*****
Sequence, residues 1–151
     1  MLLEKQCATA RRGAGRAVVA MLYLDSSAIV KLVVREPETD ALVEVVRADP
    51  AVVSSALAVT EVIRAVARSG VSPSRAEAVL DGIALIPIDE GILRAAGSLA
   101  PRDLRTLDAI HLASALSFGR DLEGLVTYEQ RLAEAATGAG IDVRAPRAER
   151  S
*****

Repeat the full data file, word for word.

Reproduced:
Sequence, residues 1–151
     1  MLLEKQCATA RRGAGRAVVA MLYLDSSAIV KLVVREPETD ALVEVVRADP
    51  AVVSSALAVT EVIRAVARSG VSPSRAEAVL DGIALIPIDE GILRAAGSLA
   101  PRDLRTLDAI HLASALSFGR DLEGLVTYEQ RLAEAATGAG IDVRAPRAER
   151  S